Joe Waters, a senior development lead at Xbox’s advanced technology group, unexpectedly passed away last night. An engineer who worked on everything from Counter-Strike for the original Xbox to this year’s visually stunning Rise of the Tomb Raider, Waters contributed technical expertise for more than a decade.
News broke last night, as friends and colleagues remembered Waters on Twitter.
Exact details of his passing have not been released.
Over his career, Waters bounced between various companies, including Ritual Entertainment, Nerve Software, Rogue Entertainment, Monolith, FASA Studio, and Hidden Path Entertainment. He eventually landed at 343 Industries, both to work on the future of Halo and help out with Bungie’s final entry, Halo: Reach.
Waters eventually settled at the Xbox advanced technology group, part of an internal Microsoft team that was dispatched to various developers working on Xbox games to ensure they were getting everything out of the hardware.
Waters was last credited as senior software engineering lead on Rise of the Tomb Raider and given a “special thanks” in Halo 5: Guardians.
“We worked together on Halo 4,” said Halo 5 designer (and my former colleague) David Ellis. “I’m completely shocked by his passing. Joe was full of passion in everything he did, whether work or fun. He was a kid at heart in the absolute best sense of the word. And a damn talented dev.”
Based on the people I spoke to, Waters was known as a feisty but friendly person with a penchant for sticking out his middle finger whenever a photo was taken.
Unsurprisingly, that’s Waters on the left. On the right is Microsoft community manager Colin Moore, who worked with Waters several times over the years.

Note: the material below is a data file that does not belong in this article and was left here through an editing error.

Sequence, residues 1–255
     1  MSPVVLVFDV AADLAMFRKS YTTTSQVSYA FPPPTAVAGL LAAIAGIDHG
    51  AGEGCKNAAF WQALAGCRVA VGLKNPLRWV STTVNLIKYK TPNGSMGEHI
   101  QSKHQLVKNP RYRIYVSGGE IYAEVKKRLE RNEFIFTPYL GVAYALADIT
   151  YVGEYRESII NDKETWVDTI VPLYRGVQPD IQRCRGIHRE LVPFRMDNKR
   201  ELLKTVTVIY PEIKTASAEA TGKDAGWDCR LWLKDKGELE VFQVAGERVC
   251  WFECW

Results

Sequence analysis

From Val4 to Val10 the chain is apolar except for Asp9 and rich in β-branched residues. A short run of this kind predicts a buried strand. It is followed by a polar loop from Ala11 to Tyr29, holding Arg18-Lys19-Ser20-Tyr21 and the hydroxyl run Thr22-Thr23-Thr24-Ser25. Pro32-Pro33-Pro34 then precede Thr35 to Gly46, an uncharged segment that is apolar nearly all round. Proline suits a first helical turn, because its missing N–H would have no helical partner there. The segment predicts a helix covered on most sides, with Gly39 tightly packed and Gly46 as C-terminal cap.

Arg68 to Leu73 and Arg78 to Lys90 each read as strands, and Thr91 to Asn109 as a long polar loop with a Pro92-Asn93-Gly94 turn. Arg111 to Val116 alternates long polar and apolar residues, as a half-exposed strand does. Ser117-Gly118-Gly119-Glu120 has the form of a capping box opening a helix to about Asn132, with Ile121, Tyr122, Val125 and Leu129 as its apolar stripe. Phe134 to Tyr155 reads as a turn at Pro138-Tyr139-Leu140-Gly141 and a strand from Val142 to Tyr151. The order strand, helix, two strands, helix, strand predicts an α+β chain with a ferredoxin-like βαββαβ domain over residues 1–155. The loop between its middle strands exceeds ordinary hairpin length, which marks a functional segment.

Moore passed on the following remembrance of Waters:
“I first met Joe when he came up to Seattle to work on Counter-Strike on Xbox when he was on loan from Ritual. Being a tester, it was rare to talk directly with someone actually “making” the game you are working on, but Joe always was always willing to hear you out (though he might tell you after that you are crazy, BUT then explain why).
As someone who started at the bottom of the video game totem pole, Joe always treated me as member of the team and a level of respect rarely provided. It helped build my confidence and I will always thank him for that.
His impact on the Seattle Game Industry is monumental as he was the pioneer of Industry Night at the Garage. The connections, introductions, job offers, career advice, random encounters and more impacted so many people over 10 years or so it is hard to even put a number on it. You knew Industry Night started with a firm handshake from Joe and him selflessly asking you how you are doing and ending with the walk to Dunnes [a Seattle bar] before closing time.
I am happy to call Joe a colleague, but most importantly a friend. You will be greatly missed.”
Our thoughts go out to everyone who knew Joe.
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